A USGF official recalls Kristie making some small demand, in an all-too-petulant voice. Terri swooped down on her like a peregrine falcon on a pigeon.

This is no small sacrifice. Terri's husband of 26 years is left in Baton Rouge to look out for himself and their 21-year-old son. But to him, it's worth it.

"I figured if (Kristie) was gonna board, I wanted her to board with someone who'd have my family values," said Jim, a section supervisor for an oil company. That would be Terri, all right.

The plan was for Terri to recoup some of the tremendous expenses by operating a boarding house for other of Karolyi's gymnasts. "That was the plan, anyway," Terri said.

There remains a fiscal deficit, though, and the $25,000 a year it costs to finance Kristie's gymnastics education continues to come from family savings.

"I don't hunt or fish anymore and our vacations are to gymnastics meets," Jim said. He seems cheerful enough about it. As for the other sacrifices?

"As far as losing a daughter, well, I look at it this way. She's--Terri--gained seven."

The sacrifice is spread around in the Phillips family. Nobody anticipated the tremendous financial drain this would be for the family. On the other hand, there are few regrets.

Nobody rues the day that Kristie, 4 years old at the time, was taken by Nadia in the 1976 Olympics.

Nobody sees an opportunity missed when, at the age of 7, Kristie decided she would prefer to stay home and watch cartoons but then changed her mind at the last minute.

"You've just got to do it," Terri says. "If you don't believe in them, how can they believe in themselves?."


Training under Karolyi, the walls of the giant gym adorned with likenesses of gold medal winners, Kristie is hardly unaware of her legacy. She saw what happened after Mary Lou's gold. There were a Corvette, TV appearances, advertising money, that bowling ball.

"She knows very well where Mary Lou is now," Karolyi said in another interview. "Being very, very wealthy, very happy, a very public loved person."

At times, Phillips seems eager to get on with it. "Eighteen months!" is a kind of self-motivating cheer she is heard to give from time to time, meaning how long to payday.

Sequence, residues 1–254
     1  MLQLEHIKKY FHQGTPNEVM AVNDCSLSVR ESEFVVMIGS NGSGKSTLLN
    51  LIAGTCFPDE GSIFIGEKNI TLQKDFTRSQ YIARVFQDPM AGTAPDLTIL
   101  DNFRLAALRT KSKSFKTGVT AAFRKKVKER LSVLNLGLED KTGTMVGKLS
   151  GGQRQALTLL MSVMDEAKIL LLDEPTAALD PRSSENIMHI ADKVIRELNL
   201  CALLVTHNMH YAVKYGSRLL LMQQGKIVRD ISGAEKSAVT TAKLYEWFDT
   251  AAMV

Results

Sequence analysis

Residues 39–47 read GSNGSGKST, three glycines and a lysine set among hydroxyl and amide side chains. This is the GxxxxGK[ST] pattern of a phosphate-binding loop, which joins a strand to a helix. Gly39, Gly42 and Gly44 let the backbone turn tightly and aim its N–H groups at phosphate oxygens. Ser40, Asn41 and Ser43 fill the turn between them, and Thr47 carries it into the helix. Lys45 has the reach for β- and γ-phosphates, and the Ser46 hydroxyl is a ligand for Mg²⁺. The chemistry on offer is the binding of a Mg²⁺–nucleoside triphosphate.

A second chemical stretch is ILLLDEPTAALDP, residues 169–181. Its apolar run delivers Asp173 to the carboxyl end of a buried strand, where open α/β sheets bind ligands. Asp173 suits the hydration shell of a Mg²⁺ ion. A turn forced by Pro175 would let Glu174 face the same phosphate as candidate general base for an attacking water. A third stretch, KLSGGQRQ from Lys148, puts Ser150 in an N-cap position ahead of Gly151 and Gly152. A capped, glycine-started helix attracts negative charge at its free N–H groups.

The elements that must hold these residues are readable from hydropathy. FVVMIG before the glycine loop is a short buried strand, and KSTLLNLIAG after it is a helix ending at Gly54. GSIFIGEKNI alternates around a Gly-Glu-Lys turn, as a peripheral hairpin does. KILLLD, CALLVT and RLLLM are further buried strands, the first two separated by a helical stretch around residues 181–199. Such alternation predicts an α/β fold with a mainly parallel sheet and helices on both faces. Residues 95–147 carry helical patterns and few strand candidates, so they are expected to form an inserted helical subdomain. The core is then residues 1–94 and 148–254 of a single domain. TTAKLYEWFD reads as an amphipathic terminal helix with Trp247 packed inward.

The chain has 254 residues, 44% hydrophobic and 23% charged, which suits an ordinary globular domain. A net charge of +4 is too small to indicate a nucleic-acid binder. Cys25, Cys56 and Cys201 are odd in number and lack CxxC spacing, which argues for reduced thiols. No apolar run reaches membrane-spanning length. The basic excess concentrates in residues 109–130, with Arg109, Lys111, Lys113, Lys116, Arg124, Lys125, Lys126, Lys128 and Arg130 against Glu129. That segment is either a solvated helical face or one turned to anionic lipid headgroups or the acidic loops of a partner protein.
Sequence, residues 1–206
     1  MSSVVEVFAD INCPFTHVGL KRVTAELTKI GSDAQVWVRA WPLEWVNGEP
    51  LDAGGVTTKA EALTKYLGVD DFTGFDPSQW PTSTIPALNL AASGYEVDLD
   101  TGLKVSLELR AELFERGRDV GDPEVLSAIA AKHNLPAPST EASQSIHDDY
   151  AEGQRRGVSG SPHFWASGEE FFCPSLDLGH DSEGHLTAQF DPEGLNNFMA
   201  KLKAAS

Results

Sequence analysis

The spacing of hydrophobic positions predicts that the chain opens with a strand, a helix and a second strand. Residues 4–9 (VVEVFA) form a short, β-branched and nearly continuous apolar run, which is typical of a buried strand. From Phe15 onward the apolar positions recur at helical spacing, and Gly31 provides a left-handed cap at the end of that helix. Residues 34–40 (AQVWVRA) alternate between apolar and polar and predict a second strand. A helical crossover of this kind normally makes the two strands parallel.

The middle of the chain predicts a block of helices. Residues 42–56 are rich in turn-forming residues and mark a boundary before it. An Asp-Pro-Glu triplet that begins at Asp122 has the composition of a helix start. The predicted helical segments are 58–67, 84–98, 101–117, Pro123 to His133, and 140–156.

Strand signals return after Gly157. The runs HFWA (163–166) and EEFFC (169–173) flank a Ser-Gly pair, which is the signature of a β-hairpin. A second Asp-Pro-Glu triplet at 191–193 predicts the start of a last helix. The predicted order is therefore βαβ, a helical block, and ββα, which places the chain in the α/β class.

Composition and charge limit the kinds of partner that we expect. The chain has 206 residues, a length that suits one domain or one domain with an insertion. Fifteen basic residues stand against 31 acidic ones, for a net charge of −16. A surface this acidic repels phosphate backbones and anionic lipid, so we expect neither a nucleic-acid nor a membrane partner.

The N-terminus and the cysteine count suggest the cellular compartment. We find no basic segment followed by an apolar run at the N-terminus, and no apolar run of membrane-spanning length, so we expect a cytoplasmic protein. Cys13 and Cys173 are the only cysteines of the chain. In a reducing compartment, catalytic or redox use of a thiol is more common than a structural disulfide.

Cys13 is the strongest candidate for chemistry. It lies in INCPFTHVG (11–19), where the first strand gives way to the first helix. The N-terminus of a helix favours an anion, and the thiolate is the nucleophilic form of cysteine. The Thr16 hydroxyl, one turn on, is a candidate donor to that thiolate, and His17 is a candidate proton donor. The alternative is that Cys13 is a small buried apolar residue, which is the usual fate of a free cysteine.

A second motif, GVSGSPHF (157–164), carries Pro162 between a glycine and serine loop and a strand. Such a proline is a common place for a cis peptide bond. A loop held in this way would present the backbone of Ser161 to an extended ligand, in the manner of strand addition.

But she is not oblivious to what's going on around her in the meantime. The presence of Phoebe Mills, and all those other gymnasts who believe she has been oversold, is a living, breathing one. There is work to be done. This strawberry blonde package of quick-snap fibers does not have enough laurels yet to rest on. So she returns to Houston.

The last picture we have of her is in the arena after the American Cup. The pre-teen gymnasts who fill these arenas with a keening wail for their heroines--"Kristeeeeee!"--are gone.

Karolyi is, as usual, talking, talking, talking. And Kristie, his "little bitty kid," is sneaking up behind him with a can of Flying Streamer, a novelty product available only to pre-teen children. She lets fire.

Karolyi has dodged quicker bullets, however, and the Transylvanian cowboy quickly wrests the can from his prodigy. And soon Phillips' strawberry hair is replaced with a wig of Flying Streamer, essentially colored strands of shaving cream.

The man has no pity; the girl is a mess. Karolyi is very pleased with himself. Kristie, the girl with gold in her eyes, is less so.

It seemed reassuring, if for only a moment, to see that inside this little phenomenon, the next Mary Lou, was a little girl. Remember that, if you can, as the championship campaign, calculated or not, resumes.